China-Taiwan Repatriation of Criminal Suspects: Room for Human Rights?

Hong Kong Law Journal, Vol. 48, Part 3, 2018

38 Pages Posted: 16 Nov 2018 Last revised: 19 Dec 2018

See all articles by Yu-Jie Chen

Yu-Jie Chen

Institutum Iurisprudentiae, Academia Sinica; New York University (NYU) - US-Asia Law Institute

Jerome A. Cohen

New York University School of Law

Date Written: 2017


Neither China nor Taiwan seeks to be a haven for the other’s fugitives. And each jurisdiction wants its own fugitives back. The two governments have resorted to flexible and innovative cross-strait agreements and proxy organisations to cooperate in repatriating nationals of the other side whom the latter wishes to subject to criminal proceedings. This practice bears many similarities to extradition. Yet despite more than two decades’ cooperation, the major problem still confronting the repatriation process — at least until the very recent increase in political tension across the Taiwan Strait — has been their failure to support the process by developing in their domestic legal systems a regulatory framework at least as satisfactory as the one each has already established to govern extradition. We identify this regulatory vacuum and critique existing criminal repatriation practice, which has been marked not only by practical difficulties but also, even more seriously, by a lack of adequate protection for the basic rights of the persons to be repatriated. We call attention to the need for some enhanced protections for human rights in this aspect and in cross-strait relations generally. This case study of criminal repatriation, originally one of the important aspects of cross-strait cooperation, suggests that, when China and Taiwan wished to form closer ties and to pursue a certain policy of law enforcement, they minimised human rights considerations in order to serve their immediate political project. It constitutes a warning against neglecting human rights in the service of extradition and smooth political relations.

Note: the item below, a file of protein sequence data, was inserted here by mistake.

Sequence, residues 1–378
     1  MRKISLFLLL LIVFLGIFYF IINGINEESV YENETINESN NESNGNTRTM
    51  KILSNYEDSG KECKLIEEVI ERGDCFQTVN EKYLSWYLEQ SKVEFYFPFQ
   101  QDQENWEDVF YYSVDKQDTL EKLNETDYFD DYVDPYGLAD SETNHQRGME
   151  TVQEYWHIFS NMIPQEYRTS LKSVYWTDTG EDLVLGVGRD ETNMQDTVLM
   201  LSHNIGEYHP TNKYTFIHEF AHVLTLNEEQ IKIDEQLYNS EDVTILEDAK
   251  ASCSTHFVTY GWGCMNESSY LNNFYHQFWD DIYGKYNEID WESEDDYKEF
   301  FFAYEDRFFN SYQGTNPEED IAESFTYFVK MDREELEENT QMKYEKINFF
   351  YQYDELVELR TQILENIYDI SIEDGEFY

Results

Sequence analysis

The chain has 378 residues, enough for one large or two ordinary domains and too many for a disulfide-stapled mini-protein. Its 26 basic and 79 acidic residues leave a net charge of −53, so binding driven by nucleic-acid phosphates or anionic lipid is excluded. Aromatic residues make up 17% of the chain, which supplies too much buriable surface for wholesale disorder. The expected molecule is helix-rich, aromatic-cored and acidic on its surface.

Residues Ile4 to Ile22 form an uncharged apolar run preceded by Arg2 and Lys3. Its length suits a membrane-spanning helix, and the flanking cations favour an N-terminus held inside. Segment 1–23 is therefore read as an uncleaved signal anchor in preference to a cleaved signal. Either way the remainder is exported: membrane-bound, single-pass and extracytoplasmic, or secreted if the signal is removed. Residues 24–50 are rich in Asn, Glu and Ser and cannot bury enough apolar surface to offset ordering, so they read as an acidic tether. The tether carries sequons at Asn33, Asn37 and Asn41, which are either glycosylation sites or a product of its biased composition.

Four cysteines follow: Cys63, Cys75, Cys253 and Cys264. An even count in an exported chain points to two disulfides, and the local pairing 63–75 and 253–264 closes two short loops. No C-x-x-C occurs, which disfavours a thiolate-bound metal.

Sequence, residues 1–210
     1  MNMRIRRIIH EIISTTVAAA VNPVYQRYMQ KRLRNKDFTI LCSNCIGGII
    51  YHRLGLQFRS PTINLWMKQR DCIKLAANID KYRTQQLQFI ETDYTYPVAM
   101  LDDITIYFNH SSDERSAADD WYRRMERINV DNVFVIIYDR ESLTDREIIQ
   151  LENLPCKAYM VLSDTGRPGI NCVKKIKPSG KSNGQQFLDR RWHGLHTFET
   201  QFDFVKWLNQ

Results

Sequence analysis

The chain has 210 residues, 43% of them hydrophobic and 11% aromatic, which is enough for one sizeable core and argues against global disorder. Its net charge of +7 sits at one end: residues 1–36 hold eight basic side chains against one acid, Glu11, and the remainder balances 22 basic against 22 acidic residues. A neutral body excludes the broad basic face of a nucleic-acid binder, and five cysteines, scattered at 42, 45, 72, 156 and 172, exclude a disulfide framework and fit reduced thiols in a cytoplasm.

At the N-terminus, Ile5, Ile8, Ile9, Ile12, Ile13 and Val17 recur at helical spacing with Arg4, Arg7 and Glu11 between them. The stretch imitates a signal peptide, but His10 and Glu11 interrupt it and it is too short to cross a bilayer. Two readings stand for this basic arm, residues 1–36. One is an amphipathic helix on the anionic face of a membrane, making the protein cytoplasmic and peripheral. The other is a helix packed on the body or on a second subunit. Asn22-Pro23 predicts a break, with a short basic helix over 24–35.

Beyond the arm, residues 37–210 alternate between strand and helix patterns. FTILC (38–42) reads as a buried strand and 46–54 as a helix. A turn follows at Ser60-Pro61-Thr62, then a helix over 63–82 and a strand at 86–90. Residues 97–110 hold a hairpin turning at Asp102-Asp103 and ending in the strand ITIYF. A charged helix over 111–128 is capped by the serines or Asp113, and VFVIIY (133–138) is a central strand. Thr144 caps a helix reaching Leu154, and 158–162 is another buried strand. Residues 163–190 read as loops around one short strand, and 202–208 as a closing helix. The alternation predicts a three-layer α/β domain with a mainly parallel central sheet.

Keywords: repatriation; extradition; disguised extradition; criminal prosecution; cross-strait agreements; international human rights; non-refoulement; arbitrary arrest, detention and expulsion; effective remedy; fair trial

Suggested Citation

Chen, Yu-Jie and Cohen, Jerome A., China-Taiwan Repatriation of Criminal Suspects: Room for Human Rights? (2017). Hong Kong Law Journal, Vol. 48, Part 3, 2018, Available at SSRN:

Yu-Jie Chen (Contact Author)

Institutum Iurisprudentiae, Academia Sinica ( email )

128 Academia Sinica Rd., Sec. 2
Taipei City, 11529


New York University (NYU) - US-Asia Law Institute ( email )

139 MacDougal Street
New York, NY 10012
United States


Jerome A. Cohen

New York University School of Law ( email )

40 Washington Square South
New York, NY 10012-1099
United States
212-998-6169 (Phone)
212-995-3662 (Fax)


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